Milvus Bests the Competition
We compiled a number of different test results from the various vector similarity search solutions mentioned above. As we can see in the following comparison table, Milvus was significantly faster than the competition despite being tested on a dataset of 1 billion 128-dimensional vectors.
After weighing the pros and cons of each solution, Trend Micro settled on Milvus for its vector retrieval model. With exceptional performance on massive, billion-scale datasets, it’s obvious why the company chose Milvus for a mobile security service that requires real-time vector similarity search.
Designing a System for Real-Time Virus Detection
Trend Micro has more than 10 million malicious APKs stored in its MySQL database, with 100k new APKs added each day. The system works by extracting and calculating Thash values of different components of an APK file, then uses the Sha256 algorithm to transform it into binary files and generate 256-bit Sha256 values that differentiate the APK from others. Since Sha256 values vary with APK files, one APK can have one combined Thash value and one unique Sha256 value.
Sha256 values are only used to differentiate APKs, and THash values are used for vector similarity retrieval. Similar APKs may have the same Thash values but different Sha256 values.
To detect APKs with nefarious code, Trend Micro developed its own system for retrieving similar Thash values and corresponding Sha256 values. Trend Micro chose Milvus to conduct an instantaneous vector similarity search on massive vector datasets converted from THash values. After the similarity search is run, the corresponding Sha256 values are queried in MySQL. A Redis caching layer is also added to the architecture to map Thash values to Sha256 values, significantly reducing query time.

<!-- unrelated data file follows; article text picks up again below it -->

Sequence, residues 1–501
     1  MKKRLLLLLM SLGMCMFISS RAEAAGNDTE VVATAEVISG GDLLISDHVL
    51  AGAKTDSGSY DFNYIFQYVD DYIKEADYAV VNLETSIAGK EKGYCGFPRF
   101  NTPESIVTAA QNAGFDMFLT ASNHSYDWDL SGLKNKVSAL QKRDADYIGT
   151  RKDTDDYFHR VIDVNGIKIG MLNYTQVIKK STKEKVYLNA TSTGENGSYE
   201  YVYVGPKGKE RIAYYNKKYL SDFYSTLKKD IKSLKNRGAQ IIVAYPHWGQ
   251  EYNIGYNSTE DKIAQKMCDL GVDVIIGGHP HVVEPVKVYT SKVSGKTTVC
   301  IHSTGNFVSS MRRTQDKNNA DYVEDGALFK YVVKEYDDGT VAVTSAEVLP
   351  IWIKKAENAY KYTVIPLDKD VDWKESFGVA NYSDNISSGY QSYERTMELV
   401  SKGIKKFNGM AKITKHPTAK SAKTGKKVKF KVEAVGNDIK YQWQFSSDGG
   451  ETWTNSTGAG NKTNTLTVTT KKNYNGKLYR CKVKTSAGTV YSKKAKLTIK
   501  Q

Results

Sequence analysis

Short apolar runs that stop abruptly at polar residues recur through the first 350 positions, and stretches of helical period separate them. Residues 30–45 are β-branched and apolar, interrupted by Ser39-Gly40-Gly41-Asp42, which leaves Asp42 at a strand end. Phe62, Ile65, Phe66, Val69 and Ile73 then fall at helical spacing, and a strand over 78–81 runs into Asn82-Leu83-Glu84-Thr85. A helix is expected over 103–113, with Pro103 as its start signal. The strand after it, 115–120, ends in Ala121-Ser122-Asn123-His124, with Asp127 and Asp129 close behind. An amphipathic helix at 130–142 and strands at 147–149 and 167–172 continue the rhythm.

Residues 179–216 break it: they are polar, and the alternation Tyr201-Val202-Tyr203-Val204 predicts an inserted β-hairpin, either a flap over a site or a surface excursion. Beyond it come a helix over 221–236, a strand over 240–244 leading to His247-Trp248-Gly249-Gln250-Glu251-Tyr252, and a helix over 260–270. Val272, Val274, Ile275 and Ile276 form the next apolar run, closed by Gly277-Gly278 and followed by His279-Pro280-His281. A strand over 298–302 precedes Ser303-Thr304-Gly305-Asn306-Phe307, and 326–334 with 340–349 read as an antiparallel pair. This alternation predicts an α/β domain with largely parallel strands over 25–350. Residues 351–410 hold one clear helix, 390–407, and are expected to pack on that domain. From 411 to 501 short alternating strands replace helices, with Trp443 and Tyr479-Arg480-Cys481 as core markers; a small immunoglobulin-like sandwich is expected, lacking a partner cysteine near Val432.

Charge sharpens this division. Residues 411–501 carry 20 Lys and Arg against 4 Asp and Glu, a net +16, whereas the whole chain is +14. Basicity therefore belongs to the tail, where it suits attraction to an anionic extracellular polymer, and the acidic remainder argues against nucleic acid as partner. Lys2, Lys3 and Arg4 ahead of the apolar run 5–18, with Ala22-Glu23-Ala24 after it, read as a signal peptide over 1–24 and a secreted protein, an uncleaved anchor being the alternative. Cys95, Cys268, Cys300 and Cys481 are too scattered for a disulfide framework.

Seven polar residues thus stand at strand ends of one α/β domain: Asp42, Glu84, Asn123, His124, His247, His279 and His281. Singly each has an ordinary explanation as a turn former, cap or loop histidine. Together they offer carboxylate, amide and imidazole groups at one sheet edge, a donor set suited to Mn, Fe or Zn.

Below is the architecture diagram of Trend Micro’s mobile security system.
Choosing an appropriate distance metric helps improve vector classification and clustering performance. The following table shows the distance metrics and the corresponding indexes that work with binary vectors.
Trend Micro converts Thash values into binary vectors and stores them in Milvus. For this scenario, Trend Micro is using Hamming distance to compare vectors.
Milvus will soon support string vector ID, and integer IDs won’t have to be mapped to the corresponding name in string format. This makes the Redis caching layer unnecessary and the system architecture less bulky.
Trend Micro separates storage and distance calculation by storing all vectors in the EFS (Elastic File System) provided by AWS. This practice is a popular trend in the industry. Kubernetes is used to start multiple reading nodes and develops LoadBalancer services on these reading nodes to ensure high availability.
To maintain data consistency Mishards supports just one writing node. However, a distributed version of Milvus with support for multiple writing nodes will be available in the coming months.
Monitoring and Alert Functions
Prometheus monitors and stores the following metrics:
- Milvus performance metrics including insertion speed, query speed, and Milvus uptime.
- System performance metrics including CPU/GPU usage, network traffic, and disk access speed.
- Hardware storage metrics including data size and total file number.
The monitoring and alert system works as follows:
- A Milvus client pushes customized metrics data to Pushgateway.
- The Pushgateway ensures short-lived, ephemeral metric data is safely sent to Prometheus.
- Prometheus keeps pulling data from Pushgateway.
- Alertmanager sets the alert threshold for different metrics and raises alarms through emails or messages.
A couple of months have passed since the ThashSearch service built on Milvus was first launched. The graph below shows that end-to-end query latency is less than 95 milliseconds.
Insertion is also fast. It takes around 10 seconds to insert 3 million 192-dimensional vectors. With help from Milvus, the system performance was able to meet the performance criteria set by Trend Micro.
Published at DZone with permission of Jun Gu. See the original article here.